Dr Ryan Shelton had dreams about being a doctor from a young age. His love for helping people inspired him to study the human body and how its internal and external environments change it for the better or for the worse.

Dr Shelton’s path to becoming a doctor was anything but typical. His undergraduate education focused on biochemistry and genetics. After attending medical school for one year he withdrew to “think in slow motion” and received another degree in Philosophy. He left because he disagreed with the way doctors were being taught to practice medicine. Dr Shelton believed that the better way to treat his patients was to heal their whole bodies rather than just treating the symptoms.

After receiving his Philosophy degree, Dr Shelton understood how important it would be to be able to treat or prevent chronic diseases holistically. He returned to medical school, where he earned his Naturopathy Doctorate. Now, Dr Ryan Shelton gets to follow his passion by helping his patients achieve their best overall health through natural remedies.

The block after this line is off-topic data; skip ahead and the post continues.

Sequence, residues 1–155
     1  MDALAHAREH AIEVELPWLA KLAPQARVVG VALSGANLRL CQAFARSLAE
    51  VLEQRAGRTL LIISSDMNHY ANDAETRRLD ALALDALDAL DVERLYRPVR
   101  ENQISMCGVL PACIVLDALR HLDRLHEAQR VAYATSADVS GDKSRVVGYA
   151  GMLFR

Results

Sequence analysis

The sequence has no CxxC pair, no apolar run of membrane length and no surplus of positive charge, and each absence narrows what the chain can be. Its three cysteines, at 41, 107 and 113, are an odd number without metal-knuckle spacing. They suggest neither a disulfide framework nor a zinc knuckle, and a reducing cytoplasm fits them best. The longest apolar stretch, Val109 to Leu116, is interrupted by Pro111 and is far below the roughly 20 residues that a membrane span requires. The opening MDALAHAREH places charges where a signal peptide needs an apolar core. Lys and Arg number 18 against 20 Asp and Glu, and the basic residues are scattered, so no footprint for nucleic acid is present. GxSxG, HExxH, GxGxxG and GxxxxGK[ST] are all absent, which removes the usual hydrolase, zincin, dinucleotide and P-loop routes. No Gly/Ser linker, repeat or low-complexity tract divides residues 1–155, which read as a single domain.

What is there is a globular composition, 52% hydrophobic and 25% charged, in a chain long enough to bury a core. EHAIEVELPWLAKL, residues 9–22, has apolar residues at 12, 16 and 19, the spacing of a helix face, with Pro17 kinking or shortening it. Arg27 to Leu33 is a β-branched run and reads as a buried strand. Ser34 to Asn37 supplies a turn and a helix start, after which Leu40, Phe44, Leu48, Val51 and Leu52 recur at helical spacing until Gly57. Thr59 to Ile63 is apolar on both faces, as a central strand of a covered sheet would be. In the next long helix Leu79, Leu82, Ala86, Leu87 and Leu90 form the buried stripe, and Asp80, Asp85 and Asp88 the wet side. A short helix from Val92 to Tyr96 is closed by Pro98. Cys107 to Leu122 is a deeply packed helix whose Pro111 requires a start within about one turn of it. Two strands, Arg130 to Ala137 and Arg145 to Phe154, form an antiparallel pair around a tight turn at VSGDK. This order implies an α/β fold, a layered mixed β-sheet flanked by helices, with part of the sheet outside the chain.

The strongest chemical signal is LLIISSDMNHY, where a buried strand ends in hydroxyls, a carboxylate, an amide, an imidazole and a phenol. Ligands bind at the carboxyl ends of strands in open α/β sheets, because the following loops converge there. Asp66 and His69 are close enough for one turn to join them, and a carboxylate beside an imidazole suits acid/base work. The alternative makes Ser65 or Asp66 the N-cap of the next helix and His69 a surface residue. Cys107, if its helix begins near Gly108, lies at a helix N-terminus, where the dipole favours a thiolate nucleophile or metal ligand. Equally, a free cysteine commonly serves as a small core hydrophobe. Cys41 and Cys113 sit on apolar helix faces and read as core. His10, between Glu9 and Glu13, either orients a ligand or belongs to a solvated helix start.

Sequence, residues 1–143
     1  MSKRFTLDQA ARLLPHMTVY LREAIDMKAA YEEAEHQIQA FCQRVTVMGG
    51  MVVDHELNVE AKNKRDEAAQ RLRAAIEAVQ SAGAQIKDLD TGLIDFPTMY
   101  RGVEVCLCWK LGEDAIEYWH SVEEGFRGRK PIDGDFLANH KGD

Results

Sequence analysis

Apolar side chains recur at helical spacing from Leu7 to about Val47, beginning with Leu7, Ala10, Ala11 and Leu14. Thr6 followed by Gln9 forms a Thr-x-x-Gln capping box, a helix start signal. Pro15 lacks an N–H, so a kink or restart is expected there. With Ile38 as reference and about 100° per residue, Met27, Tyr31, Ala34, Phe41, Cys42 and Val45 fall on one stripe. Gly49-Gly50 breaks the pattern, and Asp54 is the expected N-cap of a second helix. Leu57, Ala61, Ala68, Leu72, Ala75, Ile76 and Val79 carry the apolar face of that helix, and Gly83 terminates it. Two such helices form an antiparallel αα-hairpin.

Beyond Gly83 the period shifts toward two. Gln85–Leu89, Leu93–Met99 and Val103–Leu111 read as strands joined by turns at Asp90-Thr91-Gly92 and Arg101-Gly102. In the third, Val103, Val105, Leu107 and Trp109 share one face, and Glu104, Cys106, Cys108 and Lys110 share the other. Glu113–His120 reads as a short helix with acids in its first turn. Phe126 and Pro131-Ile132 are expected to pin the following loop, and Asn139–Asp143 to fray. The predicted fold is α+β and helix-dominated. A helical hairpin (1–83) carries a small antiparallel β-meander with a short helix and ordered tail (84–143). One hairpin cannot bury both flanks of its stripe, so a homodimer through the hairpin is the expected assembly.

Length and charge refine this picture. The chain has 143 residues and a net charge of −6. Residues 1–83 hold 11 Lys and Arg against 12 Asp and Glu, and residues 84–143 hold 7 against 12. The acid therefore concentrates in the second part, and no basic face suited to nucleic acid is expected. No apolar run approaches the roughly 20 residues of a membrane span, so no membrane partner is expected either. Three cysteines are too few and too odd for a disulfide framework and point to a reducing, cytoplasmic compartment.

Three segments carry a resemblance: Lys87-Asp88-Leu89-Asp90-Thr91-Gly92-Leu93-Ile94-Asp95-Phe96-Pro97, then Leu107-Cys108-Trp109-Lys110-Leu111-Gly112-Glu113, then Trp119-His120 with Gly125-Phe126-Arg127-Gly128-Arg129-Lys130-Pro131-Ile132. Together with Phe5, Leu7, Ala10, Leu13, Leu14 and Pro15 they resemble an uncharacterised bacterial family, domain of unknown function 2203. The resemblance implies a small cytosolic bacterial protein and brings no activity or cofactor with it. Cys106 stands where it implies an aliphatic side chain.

With chronic disease being on the rise, Naturopaths like Dr Shelton want to do their best to try and stop it from spreading by treating patients holistically. He does this by turning their food into medicine first and using natural remedies to increase their overall health. His goal is to balance his patient’s systems, and he passionately believes that his ultimate goal is to help his patients achieve optimal health.

Dr. Ryan Shelton’s work with Zenith Labs has helped him attract patients interested in pursuing wellness rather than focusing solely on disease care. His successful medical practice complements this passion, as does the company he founded. Whether you’re looking to improve your overall wellness or just want an alternative to the traditional pharmacological regimen, Dr Ryan Shelton has a plan for how to help you.